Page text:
Dissimilar roles of the four conserved acidic residues in the thermal stability of poly(A)-specific ribonuclease.

He GJ, Liu WF, Yan YB - Int J Mol Sci (2011)

Structure of the active site of PARN (adapted from reference [18] and PDB ID 2A1S). The four conserved acidic residues are highlighted by ball-and-stick model. The Mg2+ binding sites are predicted on the basis of previous studies [16,18]. The dashed lines indicate the possible interaction network that stabilizes the two Mg2+ ions. For clarity, the substrate molecule was not shown.
© Copyright Policy - open-access
Related In: Results  -  Collection

License 1 - License 2
Show All Figures
getmorefigures.php?uid=PMC3116163&req=5

f1-ijms-12-02901: Structure of the active site of PARN (adapted from reference [18] and PDB ID 2A1S). The four conserved acidic residues are highlighted by ball-and-stick model. The Mg2+ binding sites are predicted on the basis of previous studies [16,18]. The dashed lines indicate the possible interaction network that stabilizes the two Mg2+ ions. For clarity, the substrate molecule was not shown.
Mentions: Poly(A)-specific ribonuclease (PARN, EC 3.1.13.4) is involved in the mRNA decay regulation by specifically catalyzing the shortening of the 3′-end poly(A) tail [14,15]. The full length PARN contains three well-defined domains: The catalytic domain, the R3H domain and the RNA-recognition motif (RRM). The catalytic nuclease domain belongs to the DEDD superfamily of 3′-exonucleases, and shares a similar conserved core structure to the other members in this superfamily [16]. The active site of PARN contains four conserved acidic amino acid residues, D28, E30, D292 and D382, which are essential for the catalytic activity of PARN [17,18]. These acidic residues form a negative charge cave that can bind with two Mg2+ ions (Figure 1). It has been proposed that PARN may utilize the general two-metal ion mechanism for catalysis based on biochemical [18] and structural analysis [16] although no metal ion is present in the crystal structures of ligand-free and substrate-bound PARN [16]. The cofactor Mg2+ is also important to PARN stability against inactivation induced by heat treatment, but promotes thermal aggregation at high temperatures [12]. Because mutation of any of the four conserved acidic residues in the active site will inactivate PARN, we evaluated the roles of the two Mg2+ ions in PARN stability by thermal aggregation of the wild type (WT) and mutated enzymes. The data indicated that all of the four mutants decreased PARN thermal aggregation. The aggregation kinetics of the mutants exhibited dissimilar Mg2+ dependence, suggesting that these four conserved acidic residues played differential roles in Mg2+ coordination and protein stability.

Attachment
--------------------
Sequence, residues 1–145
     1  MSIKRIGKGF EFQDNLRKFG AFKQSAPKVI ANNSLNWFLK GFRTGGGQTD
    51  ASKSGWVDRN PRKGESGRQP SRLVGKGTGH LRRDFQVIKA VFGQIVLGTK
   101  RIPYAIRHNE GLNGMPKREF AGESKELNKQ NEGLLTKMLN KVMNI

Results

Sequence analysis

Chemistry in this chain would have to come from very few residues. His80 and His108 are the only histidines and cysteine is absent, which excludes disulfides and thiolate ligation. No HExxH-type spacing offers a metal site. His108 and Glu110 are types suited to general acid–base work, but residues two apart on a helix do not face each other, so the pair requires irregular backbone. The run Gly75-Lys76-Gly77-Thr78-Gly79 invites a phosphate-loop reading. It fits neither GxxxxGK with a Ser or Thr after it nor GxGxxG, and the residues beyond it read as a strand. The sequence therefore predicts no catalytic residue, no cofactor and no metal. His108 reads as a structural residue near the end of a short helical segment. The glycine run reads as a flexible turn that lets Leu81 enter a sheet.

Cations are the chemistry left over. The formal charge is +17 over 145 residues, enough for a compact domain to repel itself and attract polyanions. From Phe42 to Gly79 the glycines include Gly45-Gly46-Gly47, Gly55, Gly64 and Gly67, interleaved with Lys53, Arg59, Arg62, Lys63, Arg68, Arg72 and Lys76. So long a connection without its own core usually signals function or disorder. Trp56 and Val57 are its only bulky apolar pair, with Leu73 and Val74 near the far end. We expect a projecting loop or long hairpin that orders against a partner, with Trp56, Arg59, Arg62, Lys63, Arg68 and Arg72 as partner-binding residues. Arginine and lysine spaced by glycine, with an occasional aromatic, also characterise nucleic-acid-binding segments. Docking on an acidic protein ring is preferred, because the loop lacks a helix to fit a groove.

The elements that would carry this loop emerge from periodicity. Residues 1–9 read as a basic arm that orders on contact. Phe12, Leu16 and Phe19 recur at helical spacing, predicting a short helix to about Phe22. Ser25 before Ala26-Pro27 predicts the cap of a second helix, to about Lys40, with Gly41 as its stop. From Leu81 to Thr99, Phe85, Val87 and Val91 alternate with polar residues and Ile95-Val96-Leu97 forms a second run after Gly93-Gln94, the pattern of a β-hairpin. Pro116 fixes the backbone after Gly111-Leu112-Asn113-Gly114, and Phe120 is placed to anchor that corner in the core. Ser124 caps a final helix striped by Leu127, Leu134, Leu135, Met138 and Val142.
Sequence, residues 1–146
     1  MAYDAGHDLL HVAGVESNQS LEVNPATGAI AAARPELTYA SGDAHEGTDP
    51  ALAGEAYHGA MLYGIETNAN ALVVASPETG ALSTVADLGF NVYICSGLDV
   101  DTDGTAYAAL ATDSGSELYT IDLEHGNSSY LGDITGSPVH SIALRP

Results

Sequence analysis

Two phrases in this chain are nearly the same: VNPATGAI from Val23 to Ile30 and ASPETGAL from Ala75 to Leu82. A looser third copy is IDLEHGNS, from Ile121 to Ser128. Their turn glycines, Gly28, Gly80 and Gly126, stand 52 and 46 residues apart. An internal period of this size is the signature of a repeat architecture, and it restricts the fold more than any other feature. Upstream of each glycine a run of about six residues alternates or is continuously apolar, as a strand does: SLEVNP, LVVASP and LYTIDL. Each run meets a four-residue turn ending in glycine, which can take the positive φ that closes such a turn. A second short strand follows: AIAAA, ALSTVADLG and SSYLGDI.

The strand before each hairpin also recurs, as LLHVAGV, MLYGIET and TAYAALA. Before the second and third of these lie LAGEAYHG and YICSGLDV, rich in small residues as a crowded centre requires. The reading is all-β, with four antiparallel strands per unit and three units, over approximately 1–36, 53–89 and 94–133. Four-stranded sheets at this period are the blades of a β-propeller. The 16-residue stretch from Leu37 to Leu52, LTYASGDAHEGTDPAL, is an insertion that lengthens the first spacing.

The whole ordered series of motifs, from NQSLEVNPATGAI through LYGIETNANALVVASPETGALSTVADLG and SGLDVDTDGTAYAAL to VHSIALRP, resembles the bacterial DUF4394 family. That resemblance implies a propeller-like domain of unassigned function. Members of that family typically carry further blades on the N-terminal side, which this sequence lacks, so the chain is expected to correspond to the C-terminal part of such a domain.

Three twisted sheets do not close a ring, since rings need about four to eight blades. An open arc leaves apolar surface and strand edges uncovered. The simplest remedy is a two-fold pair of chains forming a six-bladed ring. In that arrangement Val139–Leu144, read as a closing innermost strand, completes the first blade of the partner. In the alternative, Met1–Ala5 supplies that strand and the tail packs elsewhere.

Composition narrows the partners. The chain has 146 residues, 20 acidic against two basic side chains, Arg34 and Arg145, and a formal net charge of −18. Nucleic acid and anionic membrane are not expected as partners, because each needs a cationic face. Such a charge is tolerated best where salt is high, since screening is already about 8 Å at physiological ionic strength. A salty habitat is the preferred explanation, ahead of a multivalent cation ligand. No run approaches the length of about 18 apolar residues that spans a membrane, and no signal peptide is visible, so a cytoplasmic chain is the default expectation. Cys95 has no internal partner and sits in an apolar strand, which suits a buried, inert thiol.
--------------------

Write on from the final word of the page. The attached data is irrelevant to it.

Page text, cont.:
Bottom Line: It was found that Mg(2+) significantly decreased the rate but increased the aggregate size of the 54 kDa wild-type PARN in a concentration-dependent manner.All of the four mutants decreased PARN thermal aggregation, while the aggregation kinetics of the mutants exhibited dissimilar Mg(2+)-dependent behavior.The spectroscopic and aggregation results also suggested that the alterations in the active site structure by metal binding or mutations might lead to a global conformational change of the PARN molecule.

View Article: PubMed Central - PubMed

Affiliation: State Key Laboratory of Biomembrane and Membrane Biotechnology, School of Life Sciences, Tsinghua University, Beijing 100084, China; E-Mails: he-gj06@mails.tsinghua.edu.cn (G.-J.H.); liuwf@mail.tsinghua.edu.cn (W.-F.L.).

ABSTRACT
Divalent metal ions are essential for the efficient catalysis and structural stability of many nucleotidyl-transfer enzymes. Poly(A)-specific ribonuclease (PARN) belongs to the DEDD superfamily of 3'-exonucleases, and the active site of PARN contains four conserved acidic amino acid residues that coordinate two Mg(2+) ions. In this research, we studied the roles of these four acidic residues in PARN thermal stability by mutational analysis. It was found that Mg(2+) significantly decreased the rate but increased the aggregate size of the 54 kDa wild-type PARN in a concentration-dependent manner. All of the four mutants decreased PARN thermal aggregation, while the aggregation kinetics of the mutants exhibited dissimilar Mg(2+)-dependent behavior. A comparison of the kinetic parameters indicated that Asp28 was the most crucial one to the binding of the two Mg(2+) ions, while metal B might be more important in PARN structural stability. The spectroscopic and aggregation results also suggested that the alterations in the active site structure by metal binding or mutations might lead to a global conformational change of the PARN molecule.

Show MeSH